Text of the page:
Luck and Money: Traditional Foods for New Year’s Day
Delicious Blackeye Pea Recipes & More To Start Off The Year Lucky
Who doesn’t hope for a new year filled with good fortune and prosperity? In most cultures, foods prepared for New Year’s Day are said to bring good luck. Every culture has variations, but the recurring themes are: beans – resembling coins or closed circles signifying the end of one year and prosperity in the next; greens – representing wealth; and pork products because pigs root forward as they eat – symbolizing a positive direction in the upcoming year.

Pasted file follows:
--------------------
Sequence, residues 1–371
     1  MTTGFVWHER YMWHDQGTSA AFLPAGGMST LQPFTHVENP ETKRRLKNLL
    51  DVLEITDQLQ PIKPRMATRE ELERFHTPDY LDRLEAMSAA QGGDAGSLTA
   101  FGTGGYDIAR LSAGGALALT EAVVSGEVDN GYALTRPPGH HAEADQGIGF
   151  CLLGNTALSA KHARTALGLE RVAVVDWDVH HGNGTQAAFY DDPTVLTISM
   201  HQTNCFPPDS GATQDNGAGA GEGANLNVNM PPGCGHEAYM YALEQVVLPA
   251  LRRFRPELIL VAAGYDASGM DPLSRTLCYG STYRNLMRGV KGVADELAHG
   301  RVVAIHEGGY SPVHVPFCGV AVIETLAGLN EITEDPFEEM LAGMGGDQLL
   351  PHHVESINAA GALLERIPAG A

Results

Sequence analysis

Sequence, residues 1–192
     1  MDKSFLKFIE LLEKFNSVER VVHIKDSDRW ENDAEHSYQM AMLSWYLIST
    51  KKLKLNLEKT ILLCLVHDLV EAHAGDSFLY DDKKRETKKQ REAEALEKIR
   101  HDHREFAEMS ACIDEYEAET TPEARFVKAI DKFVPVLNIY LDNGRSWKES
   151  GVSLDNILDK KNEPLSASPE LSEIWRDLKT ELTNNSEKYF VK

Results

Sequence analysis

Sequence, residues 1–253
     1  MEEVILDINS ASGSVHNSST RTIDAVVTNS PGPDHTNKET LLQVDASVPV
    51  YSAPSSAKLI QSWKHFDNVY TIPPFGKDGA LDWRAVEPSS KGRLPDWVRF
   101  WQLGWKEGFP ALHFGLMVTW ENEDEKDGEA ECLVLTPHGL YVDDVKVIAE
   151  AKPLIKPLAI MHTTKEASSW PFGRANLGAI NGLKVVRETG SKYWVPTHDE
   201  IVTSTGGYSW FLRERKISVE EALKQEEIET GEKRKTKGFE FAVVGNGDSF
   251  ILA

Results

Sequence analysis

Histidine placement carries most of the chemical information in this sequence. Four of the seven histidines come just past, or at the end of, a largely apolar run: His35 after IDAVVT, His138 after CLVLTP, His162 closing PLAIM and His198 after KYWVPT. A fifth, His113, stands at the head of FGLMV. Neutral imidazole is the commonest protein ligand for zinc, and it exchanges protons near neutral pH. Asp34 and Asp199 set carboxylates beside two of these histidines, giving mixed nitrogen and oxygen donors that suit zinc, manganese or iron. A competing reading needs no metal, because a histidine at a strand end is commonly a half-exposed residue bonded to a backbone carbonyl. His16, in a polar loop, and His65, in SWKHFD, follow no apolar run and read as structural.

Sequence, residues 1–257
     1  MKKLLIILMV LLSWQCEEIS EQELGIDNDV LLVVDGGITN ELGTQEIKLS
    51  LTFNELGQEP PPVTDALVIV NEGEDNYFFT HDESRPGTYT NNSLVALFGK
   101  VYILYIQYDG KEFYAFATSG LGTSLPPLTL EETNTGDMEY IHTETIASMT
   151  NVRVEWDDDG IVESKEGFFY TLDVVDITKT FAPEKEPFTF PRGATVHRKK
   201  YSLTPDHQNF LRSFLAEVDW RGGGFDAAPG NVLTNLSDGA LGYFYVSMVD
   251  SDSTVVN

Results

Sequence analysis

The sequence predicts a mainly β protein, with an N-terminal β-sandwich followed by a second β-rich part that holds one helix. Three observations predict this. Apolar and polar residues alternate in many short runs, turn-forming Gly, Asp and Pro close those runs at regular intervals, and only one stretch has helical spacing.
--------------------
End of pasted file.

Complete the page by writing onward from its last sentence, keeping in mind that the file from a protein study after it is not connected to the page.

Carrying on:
African Americans in the 18th and 19th centuries made one of the most enduring contributions to the modern holiday. Starting in the Carolinas – but later extending throughout the South – Hoppin’ John (blackeye peas and rice) and greens (collard, mustard, or turnip,) became traditional New Year’s fare. Blackeye peas to bring luck, and greens to represent money and prosperity. The tradition of using ham, salt pork, or sausage used to flavor the greens and the blackeye peas started as a frugal way to use less popular cuts from the pig, but the smoky flavor and richness they impart have become an essential and beloved flavor in the dishes.